Career Profile: Arborist

Career Profile: Arborist

by Susan Huebert
Jobs People Do | JobsPeopleDo.com

Many students have the chance at some point in their early years to plant a tree. They might not do much with their trees after that, but taking care of trees and other woody plants as an arborist can be a good job for people who enjoy outdoor work.

Growing healthy trees involves more than just planting them in the ground. Many trees require pruning to get rid of dead branches or to keep them looking nice and growing properly. Arborists examine trees and bushes for disease and apply treatments to help get rid of caterpillars, flies, and anything else that might cause problems. They might take soil samples to see if that is the issue. If necessary, they might remove entire trees to keep them from infecting others.

People who want to become arborists usually get either a technical diploma or a university degree as part of their training. Courses in fields such as botany, forestry, horticulture, and environmental sciences are good for people entering this type of work, and experience in growing plants at home can be helpful.

Some special skills can also be part of the job description of arborists. Anyone in this field who wants to be able to apply pesticides to trees has to be licensed because of the dangerous chemicals that are involved. The job of arborist can also include examining dead trees to see what killed them, and taking courses in plant pathology is useful for people in this field of work.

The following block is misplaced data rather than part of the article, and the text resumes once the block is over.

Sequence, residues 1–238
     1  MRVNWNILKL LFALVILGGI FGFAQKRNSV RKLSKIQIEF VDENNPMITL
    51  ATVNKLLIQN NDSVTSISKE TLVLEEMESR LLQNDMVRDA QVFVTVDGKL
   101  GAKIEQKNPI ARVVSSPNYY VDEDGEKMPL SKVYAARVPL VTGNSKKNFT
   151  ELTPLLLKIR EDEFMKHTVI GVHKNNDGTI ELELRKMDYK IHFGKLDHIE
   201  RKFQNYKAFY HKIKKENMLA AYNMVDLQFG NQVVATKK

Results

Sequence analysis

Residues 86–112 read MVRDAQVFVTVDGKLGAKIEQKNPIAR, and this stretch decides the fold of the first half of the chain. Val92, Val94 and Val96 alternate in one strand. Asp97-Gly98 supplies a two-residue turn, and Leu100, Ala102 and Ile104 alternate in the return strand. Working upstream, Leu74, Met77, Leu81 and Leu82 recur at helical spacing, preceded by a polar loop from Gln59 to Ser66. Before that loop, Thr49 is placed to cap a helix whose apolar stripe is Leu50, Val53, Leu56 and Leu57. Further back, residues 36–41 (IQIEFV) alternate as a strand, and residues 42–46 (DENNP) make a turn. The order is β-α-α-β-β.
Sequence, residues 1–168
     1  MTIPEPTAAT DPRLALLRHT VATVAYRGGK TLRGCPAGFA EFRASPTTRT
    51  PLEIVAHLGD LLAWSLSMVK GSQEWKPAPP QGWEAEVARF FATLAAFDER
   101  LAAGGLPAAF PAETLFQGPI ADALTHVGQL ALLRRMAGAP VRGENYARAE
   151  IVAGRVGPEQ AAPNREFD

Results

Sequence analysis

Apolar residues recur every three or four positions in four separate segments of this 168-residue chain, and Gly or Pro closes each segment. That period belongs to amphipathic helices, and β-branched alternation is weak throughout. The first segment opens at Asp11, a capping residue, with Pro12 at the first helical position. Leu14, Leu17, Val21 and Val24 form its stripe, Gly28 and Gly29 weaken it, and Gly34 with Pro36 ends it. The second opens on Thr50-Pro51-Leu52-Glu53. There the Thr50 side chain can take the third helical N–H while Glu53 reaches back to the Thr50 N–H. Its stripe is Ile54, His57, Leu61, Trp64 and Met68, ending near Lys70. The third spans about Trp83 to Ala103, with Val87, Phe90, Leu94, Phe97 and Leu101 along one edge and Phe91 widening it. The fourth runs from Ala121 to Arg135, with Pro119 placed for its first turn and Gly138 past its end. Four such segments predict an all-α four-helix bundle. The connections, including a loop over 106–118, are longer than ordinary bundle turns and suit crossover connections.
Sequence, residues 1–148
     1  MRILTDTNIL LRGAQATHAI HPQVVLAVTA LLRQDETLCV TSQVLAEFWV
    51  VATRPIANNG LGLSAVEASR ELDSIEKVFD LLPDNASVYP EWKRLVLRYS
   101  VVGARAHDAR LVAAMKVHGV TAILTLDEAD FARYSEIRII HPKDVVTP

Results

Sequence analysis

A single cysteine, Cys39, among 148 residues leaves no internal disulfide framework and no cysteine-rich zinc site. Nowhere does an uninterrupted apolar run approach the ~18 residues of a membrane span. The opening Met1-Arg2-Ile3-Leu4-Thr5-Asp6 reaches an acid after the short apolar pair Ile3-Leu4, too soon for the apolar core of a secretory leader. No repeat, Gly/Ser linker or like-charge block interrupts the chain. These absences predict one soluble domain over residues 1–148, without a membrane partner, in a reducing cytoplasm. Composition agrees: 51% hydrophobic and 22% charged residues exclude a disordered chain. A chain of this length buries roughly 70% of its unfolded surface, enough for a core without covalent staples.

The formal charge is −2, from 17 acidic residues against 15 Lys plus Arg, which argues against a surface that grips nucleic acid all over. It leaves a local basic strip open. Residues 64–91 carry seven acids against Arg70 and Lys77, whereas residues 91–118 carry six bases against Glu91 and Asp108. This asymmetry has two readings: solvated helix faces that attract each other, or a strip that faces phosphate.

The job of arborist varies a lot from one place to another, and it can have regular hours or be very unpredictable. Many arborists spend at least part of their time doing office work, but they also have to respond to emergencies, such as when trees are knocked down during storms. They might conduct research either in the office or outdoors and later give presentations about their discoveries. Arborists usually start at about $15 per hour, but they can eventually receive about twice as much later in their careers.

The work of arborists is both an art and a science, and many types of people can enjoy a career in this field. They might end up working at a tree nursery, a park, or even a university or other kind of school. They might be involved in planning what a garden should look like or just look after one that has already grown. Arborists need to know what trees will look good together, when they blossom if they are fruit trees, how tall or wide they grow, and anything else that might affect the health and appearance of the place where they are working. A lot of this knowledge also depends on what part of the country they live in, since the trees are not the same everywhere.

Some arborist jobs involve a lot of physical activity, but there are also opportunities for people who are older or who prefer office work rather than outdoor labour. If you like to study how trees and bushes grow and what makes them thrive, becoming an arborist might be the right choice for you.


Eco Canada. “Career Profile: Arborist.” http://www.eco.ca/career-profiles/arborist/.

International Society of Arboriculture. “Careers in Arboriculture.”http://www.isa-arbor.com/certification/benefits/careerpaths.aspx

Payscale.com. “Arborist Salary (Canada). https://www.payscale.com/research/CA/Job=Arborist/Hourly_Rate.

Study.com. “Arborist: Job Description, Duties and Requirements.” http://study.com/articles/Arborist_Job_Description_Duties_and_Requirements.html

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